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Principles and Hypotheses for a Research Project on Damage to Known Victims of Sexual Offenses (From Verbrechensopfer, P 243-272, 1979, Gerd Ferdinand Kirchhoff and Klaus Sessar, ed. - See NCJ-72716)

NCJ Number
M C Baumann
Date Published
30 pages
Sexual victimization situations in which damage is aggravated by reporting the crime, methods for empirical research on sexual victimization, and divergent views on potential types of damage to victims are described.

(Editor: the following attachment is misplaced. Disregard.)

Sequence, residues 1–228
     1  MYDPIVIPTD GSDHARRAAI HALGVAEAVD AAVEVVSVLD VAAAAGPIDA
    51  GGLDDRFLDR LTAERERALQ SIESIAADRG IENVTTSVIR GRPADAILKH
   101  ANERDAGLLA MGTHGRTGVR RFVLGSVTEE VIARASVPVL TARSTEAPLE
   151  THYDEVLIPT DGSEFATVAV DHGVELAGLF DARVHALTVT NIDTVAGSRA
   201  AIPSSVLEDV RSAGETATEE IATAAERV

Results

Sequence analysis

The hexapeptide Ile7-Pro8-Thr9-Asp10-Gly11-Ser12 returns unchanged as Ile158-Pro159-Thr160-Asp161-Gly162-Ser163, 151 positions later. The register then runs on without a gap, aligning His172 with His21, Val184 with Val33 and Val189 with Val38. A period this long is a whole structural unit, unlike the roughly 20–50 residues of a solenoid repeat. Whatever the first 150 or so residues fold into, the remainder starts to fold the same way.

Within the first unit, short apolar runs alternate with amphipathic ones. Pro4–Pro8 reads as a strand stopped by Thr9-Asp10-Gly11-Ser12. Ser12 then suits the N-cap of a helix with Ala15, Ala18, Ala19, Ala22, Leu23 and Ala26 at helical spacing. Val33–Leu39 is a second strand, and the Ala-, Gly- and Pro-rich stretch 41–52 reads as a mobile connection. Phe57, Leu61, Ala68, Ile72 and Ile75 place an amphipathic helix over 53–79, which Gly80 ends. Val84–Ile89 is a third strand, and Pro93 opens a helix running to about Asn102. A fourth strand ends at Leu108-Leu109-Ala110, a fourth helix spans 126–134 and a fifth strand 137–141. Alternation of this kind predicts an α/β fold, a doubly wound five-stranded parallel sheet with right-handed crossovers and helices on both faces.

The effects of victimization are influenced by whether victims of sexual offenses declare themselves to be victims or are declared to be victims by others (e.g., in the case of sexually unenlightened children or young, sexually active juveniles). Empirical methods for research on sexual victimization include general surveys on sexual behavior and victimization, and retrospective studies of selected victims of sexual offenses. Retrospective studies must use random samples of the population, psychological testing if victims, and a detailed standard questionnaire. According to several studies, sexual offenses are most commonly reported by parents of the victim (60 percent) or by instutional representatives (15 percent). The question of whether sexual offenses cause damage to the victim has been controversial since the turn of the century. Research in this area has been hindered by the difficulty of putting together a sample, by lack of cooperation among specialists of different fields, and by the bias of court appointed psychological experts who always attempt to protect children. Most studies do not consider the latest developments in method and unquestioningly accept a simplistic causal explanation of the relationship between the sexual offense and neuroses. The sample used must be divided into damaged and undamaged individuals, taking into account temporary versus basic damage, other possible areas of damage, indirect effects of traumatic experiences, and effects in unreported cases. Attempts at listing and categorizing potential damages and their causes have made it clear that effects are complex and that damage is rarely attributable to a single event. Psychosocial damage from sexual offenses to victims under 21 years old is deemed most likely shortly after the offense, if the victim (usually female) resists, is relatively older, inexperienced, and from a sexually strict family environment. The offender's violence, a very small offender-victim age difference, great intensity of the sexual contact, and negative emotional reactions from the victim's environment are other factors likely to compound the extent of psychological damage. Notes, a bibliography of about 90 entries, and tables are furnished.